Many times when we’re taking someone through the moral Law and notice they’re convicted, we’ll want to console them in some way. But this is actually an error.
November 9, 2022
Someone sent the following question to the ministry:
“I am wondering what Ray would say to the opinion that most people will be saved by the age of 13; after that it is very rare for someone to accept the Lord. That is a discouragement when passing out tracts to college students on a university quad.”
These statistics may be true, but they are not discouraging for a number of reasons. The first is because of the field of endeavor in which church evangelism takes place. Young people being saved is often not the result of physically going into the world and preaching the gospel to every creature. Rather than reaching out to adults, much of today’s church evangelism is aimed toward children in Sunday school or at vacation Bible schools. That’s why the statistics may be true, but they’re also misleading. When fishermen fish only for herrings, we shouldn’t be surprised that the results only show a catch of herrings.
Here is a similar child-response statistic, but see if you can spot the telling discrepancy: “Another survey cited by the International Bible Society indicated that 83% of Christians make their first commitment to Jesus between the ages of 4 and 14…” (Howard Culbertson, “At What Age Do Americans Become Christian?”)
See those words: “…make their first commitment to Jesus…” A first commitment implies that there are more commitments to come—at a later age. And there usually are. For those workers who lack knowledge of the nature of true conversion, it’s very common to see their agenda as wanting children to give their hearts to Jesus. It’s actually an easy thing to do. I’m sure I could get 99% of four-year-olds to raise their hands to accept Jesus by asking if they wanted to go to Heaven when they die. Then I would follow up with, “And how do you go to Heaven? You give your heart to Jesus. Who wants to give their hearts to Jesus?” And there you have it—a whole class of 4-year-olds want to go to Heaven, and they indicate that with a raised hand.
There was no opening up of the Ten Commandments to show the nature of sin. There was no preaching of the wrath of God against that sin, the reality of Judgment Day, and the existence of Hell. There was no mention of the cross—Christ crucified for our sins and then rising from the dead. And, of course, there was no preaching of repentance from sin and of faith alone in the shed blood of Christ. Rather than a genuine work of the Holy Spirit, new birth, regeneration—nothing spiritual has happened. This is kangaroo evangelism. It’s just the first of many bounce-around decisions for Jesus. Consequently, we have the tragedy of someone who never has assurance of salvation—because they’ve never heard a biblical presentation of the gospel. It’s a tragedy beyond words.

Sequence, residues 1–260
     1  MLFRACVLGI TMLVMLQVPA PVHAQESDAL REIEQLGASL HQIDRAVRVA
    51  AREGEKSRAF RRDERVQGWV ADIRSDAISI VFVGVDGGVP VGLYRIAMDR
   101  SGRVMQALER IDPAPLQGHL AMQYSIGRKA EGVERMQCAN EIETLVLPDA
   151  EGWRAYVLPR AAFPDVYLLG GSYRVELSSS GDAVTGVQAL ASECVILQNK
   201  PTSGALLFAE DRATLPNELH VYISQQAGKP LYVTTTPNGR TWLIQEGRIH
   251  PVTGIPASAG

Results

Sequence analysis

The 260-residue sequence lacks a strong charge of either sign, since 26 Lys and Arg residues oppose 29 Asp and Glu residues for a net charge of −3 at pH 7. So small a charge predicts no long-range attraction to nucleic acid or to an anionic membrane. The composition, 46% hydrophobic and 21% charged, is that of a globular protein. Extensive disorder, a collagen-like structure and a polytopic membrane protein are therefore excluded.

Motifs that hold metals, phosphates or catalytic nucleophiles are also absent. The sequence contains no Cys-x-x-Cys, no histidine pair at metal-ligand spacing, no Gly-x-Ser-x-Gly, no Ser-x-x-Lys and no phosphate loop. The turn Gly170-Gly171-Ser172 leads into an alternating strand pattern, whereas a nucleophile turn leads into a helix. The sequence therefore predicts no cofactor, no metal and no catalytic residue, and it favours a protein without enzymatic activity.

However, when the biblical gospel is preached, it is relevant at any age. On the Day of Pentecost, those who responded that day were godly men—“from every nation under heaven” (Acts 2:5)—who were there to celebrate the giving of the Ten Commandments on Mount Sinai. So, they were thoroughly versed in the nature of sin and its impending wrath. When Peter stood up to speak, he simply preached Christ crucified for the sin of the world, and 3,000 13-year-olds immediately responded. No. They were mature human beings with a will to live and a knowledge of sin that had caused them to thirst after righteousness.
Historical revivals also didn’t report that the average respondents were 13-year-olds. Rather, they were adults who were regenerated because preachers went into the world to fulfill the Great Commission (see Matthew 28:19). George Whitefield did that. Here’s an excerpt from an article on his ministry that accounts him preaching outdoors to coal miners:
About 200 men gathered as he spoke of hell as being black as their pit and of the certainty of judgement.… Suddenly he noticed tears coming from the eyes of a young man on his right. These tears were forming a pale streak on his grimy face. He saw the same thing happen to an old bent miners on his left, and then more and more of them. He said he saw, “White gutters made by their tears down their black cheeks.”
We also must keep in mind that these statistics are probably reflective of other unbiblical methods used by modern evangelism—where people are actually coerced into making a decision for Jesus. This often takes place with large crowds of teenagers at concerts—where they are psychologically manipulated at an altar call, and most of them prove to be false converts.
“Nowhere in the Bible are there conversions as a result of ‘accepting Jesus.’ Rather, sinners respond with repentance, fleeing from wrath to the safety of the Savior.”
Nowhere in the Bible are there conversions as a result of “accepting Jesus.” Rather, sinners respond with repentance, fleeing from wrath to the safety of the Savior. Those who “accept” Jesus are usually responding to a message of God loving them, wanting to fill their God-shaped vacuum and give them true happiness. Again, the true convert repents and trusts in Jesus to flee from the wrath to come, not to add Him to our worldly lifestyle, as happens with so many nowadays.
So, dear faithful laborer, don’t be discouraged. Those who sow in tears shall reap in joy. There is nothing wrong with the seed you are sowing. If it’s the true gospel, it is “the power of God to salvation for everyone who believes” (Romans 1:16). It cannot return void. So, keep doing what you’re doing, knowing that your labor in the Lord is never in vain.
“But thanks be to God, who gives us the victory through our Lord Jesus Christ. Therefore, my beloved brethren, be steadfast, immovable, always abounding in the work of the Lord, knowing that your labor is not in vain in the Lord” (1 Corinthians 15:57-58).